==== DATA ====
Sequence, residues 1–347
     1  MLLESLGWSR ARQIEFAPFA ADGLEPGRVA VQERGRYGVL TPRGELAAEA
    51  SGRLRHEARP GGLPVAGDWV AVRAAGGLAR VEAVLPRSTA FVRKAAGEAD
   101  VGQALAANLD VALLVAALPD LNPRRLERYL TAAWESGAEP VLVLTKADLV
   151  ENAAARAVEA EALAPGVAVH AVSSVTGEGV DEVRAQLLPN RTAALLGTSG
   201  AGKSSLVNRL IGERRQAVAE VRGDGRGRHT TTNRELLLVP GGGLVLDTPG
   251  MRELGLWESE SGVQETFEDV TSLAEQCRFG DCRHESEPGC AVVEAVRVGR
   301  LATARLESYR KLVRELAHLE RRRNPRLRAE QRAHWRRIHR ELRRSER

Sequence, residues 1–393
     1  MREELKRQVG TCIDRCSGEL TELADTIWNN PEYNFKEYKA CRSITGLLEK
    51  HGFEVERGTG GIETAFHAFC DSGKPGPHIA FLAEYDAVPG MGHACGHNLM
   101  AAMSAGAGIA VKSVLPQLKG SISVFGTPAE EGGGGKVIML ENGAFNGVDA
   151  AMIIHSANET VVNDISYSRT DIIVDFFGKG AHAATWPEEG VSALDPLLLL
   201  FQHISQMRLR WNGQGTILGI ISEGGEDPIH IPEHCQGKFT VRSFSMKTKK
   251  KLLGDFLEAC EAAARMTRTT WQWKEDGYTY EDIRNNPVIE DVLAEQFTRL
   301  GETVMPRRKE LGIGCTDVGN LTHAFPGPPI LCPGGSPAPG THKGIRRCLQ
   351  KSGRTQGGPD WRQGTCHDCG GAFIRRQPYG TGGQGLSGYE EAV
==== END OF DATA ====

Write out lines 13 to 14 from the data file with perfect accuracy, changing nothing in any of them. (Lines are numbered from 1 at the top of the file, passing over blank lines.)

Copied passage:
   151  AMIIHSANET VVNDISYSRT DIIVDFFGKG AHAATWPEEG VSALDPLLLL
   201  FQHISQMRLR WNGQGTILGI ISEGGEDPIH IPEHCQGKFT VRSFSMKTKK